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Stumped on disease symptoms? Web pages provide correct answers, study reveals

Friday, November 10, 2006 by: Ben Kage
Tags: health information, health news, Natural News


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(NewsTarget) Doctors can diagnose hard-to-recognize conditions with the help of the Google internet search engine, a team of Australian researchers has found.

According to the report -- published on the British Medical Journal web site -- the researchers selected three to five search terms for each of the 26 New England Journal of Medicine study cases -- before the correct diagnosis was known -- and entered them into the Google search engine. Then, the top three diagnosis from the search results and selected the one that seemed most relevant to the symptoms. The correct diagnosis was selected in 15 cases, including Creutzfeldt-Jacob disease (CJD), Cushing's syndrome and Churg-Strauss syndrome.

Lead study author and respiratory and sleep physician Dr. Hangwi Tang lauded Google as a "useful aid" in diagnosis of conditions with unique symptoms that make useful search terms, but added that a "human expert" was needed, meaning patients would not be able to self-diagnose through Google.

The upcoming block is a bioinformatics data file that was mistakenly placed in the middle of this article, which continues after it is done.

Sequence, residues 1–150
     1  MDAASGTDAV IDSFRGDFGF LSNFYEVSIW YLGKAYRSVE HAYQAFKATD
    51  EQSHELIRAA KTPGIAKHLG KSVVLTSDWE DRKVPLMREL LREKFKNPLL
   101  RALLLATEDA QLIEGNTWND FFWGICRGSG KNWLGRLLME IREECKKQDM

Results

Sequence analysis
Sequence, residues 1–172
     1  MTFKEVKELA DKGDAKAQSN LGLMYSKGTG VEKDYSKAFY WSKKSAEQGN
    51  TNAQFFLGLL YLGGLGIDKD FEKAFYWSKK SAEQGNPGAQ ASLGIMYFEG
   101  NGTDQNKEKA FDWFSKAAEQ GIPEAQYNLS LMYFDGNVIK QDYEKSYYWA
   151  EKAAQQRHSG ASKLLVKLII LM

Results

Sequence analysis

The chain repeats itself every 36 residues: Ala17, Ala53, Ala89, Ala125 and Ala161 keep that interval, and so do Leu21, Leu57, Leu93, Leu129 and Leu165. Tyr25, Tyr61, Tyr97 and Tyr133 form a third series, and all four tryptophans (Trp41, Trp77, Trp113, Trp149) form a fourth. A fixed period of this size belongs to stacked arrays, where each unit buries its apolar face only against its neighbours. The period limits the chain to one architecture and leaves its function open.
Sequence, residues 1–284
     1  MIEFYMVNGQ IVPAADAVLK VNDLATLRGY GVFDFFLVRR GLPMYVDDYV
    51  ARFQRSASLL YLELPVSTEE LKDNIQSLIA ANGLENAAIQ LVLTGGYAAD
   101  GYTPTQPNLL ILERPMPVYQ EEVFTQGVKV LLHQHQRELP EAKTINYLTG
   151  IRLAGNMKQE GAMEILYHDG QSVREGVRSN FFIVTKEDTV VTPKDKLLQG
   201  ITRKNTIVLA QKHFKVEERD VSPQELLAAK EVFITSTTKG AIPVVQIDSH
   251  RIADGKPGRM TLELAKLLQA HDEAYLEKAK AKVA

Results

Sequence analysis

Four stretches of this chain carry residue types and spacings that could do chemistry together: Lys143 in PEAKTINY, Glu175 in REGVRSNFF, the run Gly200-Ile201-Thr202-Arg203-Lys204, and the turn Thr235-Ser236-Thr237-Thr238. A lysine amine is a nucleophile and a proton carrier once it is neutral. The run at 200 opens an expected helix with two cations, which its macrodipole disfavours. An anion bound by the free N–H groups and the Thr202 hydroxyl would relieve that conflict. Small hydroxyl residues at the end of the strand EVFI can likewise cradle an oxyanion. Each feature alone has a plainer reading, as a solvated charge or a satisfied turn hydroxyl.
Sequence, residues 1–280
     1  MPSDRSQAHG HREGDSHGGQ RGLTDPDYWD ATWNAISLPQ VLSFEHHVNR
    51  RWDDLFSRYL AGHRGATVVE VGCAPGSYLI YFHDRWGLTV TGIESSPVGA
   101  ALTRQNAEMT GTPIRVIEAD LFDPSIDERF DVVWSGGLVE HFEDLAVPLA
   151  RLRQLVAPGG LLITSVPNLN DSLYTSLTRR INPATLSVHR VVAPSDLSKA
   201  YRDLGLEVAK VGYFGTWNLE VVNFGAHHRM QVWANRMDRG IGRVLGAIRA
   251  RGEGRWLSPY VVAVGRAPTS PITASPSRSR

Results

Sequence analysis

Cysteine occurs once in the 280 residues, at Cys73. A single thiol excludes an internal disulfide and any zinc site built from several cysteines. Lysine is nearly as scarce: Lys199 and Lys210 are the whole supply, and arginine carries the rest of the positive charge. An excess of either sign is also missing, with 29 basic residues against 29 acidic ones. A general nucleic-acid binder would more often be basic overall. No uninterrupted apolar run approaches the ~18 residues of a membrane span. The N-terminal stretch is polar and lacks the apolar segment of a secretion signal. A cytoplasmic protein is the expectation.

Google, the most popular search engine on the web, has access to more than three billion medical articles, and experts say that health information is one of the most common searches on the web.

"Web-based search engines such as Google are becoming the latest tools in clinical medicine, and doctors in training need to become proficient in their use," Tang said.

"The internet is in no way a replacement for doctors," said professor Mayur Lakhani, chairman of the Royal College of General Practitioners. "Their clinical judgment and expertise will always be necessary to make sense of the information.

"Rather, (the internet) should be seen as a way of supporting doctors and their patients."

One spokesperson for the Patients Association noted there were inherent dangers with internet diagnosis.

"Doctors have a very wide knowledge when it comes to diagnosing conditions," she said. "But we would be concerned if they were using web sites to diagnose people, what would happen if they gave the patient the wrong information? Also ... there are lots of good sites out there, but we also know that there are many that are not credible."

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